Sunday, 18 March 2012

Another New Benge Release

For the second time this month I've got a new mini-album out! This time it is released on CASSETTE TAPE! Yes it's my first release on this format - and thats quite exciting isn't it? It won't surprise you that it is a synthesiser only recording and quite abstract again - I actually recorded it last year using very early modular systems - heres the track listing:

Side A
1-EMS VCS3 Putney
2-Moog Modular
Side B
1-Serge Modular
2-Paia Modular

It is released by the lovely cassette label Chemical Tapes, and you can buy it and read a review here: Norman Records, and here: Stashed Goods

Click below for some more info (from the J-Card)

Systematic (IUPAC) name

(±)-1-(benzo[d][1,3]dioxol-5-yl) -N-hydroxyl-N-methylpropan-2-amine


Technical data

Track one contains sounds from the Putney Synthi which were recorded in one continuous pass via an EHX looping unit, allowing sounds to be layered one upon another

The second piece was created on the Moog model 3C which was subsequently fed through an assortment of echo and reverberation units in a free-flowing manner. It was recorded to tape in two separate passes, the first being sequenced melodic patterns, the second a series of short percussive sounds

Track three makes use of a Serge Modular system made in California in 1972. An extremely complex patch was set up and fed through a DBX stereo compression unit which in turn was layered upon itself using the EHX looper

The final piece also made use of the looper unit, this time with a 1974 Paia 4700 modular system as the sound source, which contains a built in reverberation unit as well as a Phlanger, a unique sound-processing device which alters the phase correlations of an input source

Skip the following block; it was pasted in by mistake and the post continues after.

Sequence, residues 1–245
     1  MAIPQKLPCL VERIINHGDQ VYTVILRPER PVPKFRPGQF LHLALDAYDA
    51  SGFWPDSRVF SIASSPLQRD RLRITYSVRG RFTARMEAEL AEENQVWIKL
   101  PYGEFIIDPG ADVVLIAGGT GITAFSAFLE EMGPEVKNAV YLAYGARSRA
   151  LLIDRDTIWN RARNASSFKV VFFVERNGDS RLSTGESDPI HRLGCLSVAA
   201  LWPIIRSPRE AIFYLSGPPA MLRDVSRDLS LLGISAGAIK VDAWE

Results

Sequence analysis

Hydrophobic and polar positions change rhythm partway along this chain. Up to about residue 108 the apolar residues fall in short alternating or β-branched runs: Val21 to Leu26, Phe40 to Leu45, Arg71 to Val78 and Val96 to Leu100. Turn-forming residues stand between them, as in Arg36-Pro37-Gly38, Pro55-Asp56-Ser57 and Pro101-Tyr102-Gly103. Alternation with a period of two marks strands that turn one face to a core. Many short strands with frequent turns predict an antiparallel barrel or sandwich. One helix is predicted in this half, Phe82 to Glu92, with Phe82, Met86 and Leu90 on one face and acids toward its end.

The pieces were finally mixed and balanced on an MCI 400 series console and recorded to tape

Made at Benge Studios, London, ©2011 Ben Edwards

"I have always been interested in discarded technologies. They catalog the places we pass through on our journey towards some imagined utopia, where we experience life with perfect clarity and precision. On the way we create things that are a compromise between perfection and utility. Some become accepted formats and take on an (invariably finite) life of their own. One example of this is the cassette tape, which existed in the 1970s and 80s as the main portable music storage medium. Although it has limited audio fidelity it utilises a completely analog technology which has a very distinct character, something sadly missing in our pristine digital world. In a similar vein, I like to work with early electronic synthesisers and processing devices for they too represent some lost technology. Their myriad circuits and connections hold the ghosts of unknown memories, the glimmer of a forgotten future"


  1. Received my copy this morning - cassette tape!!! Great recordings, so well done on that one and I may just have to add an excerpt to next week's radio show ;-)

  2. Hi! I'm thinking of doing the same thing. I'm a Gen Xer and music artist. How are the cassette sales doing? Should I try this?

  3. Oh, Great!!!Your article is very good.
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    Great review! I think the same! :) Ms. Alice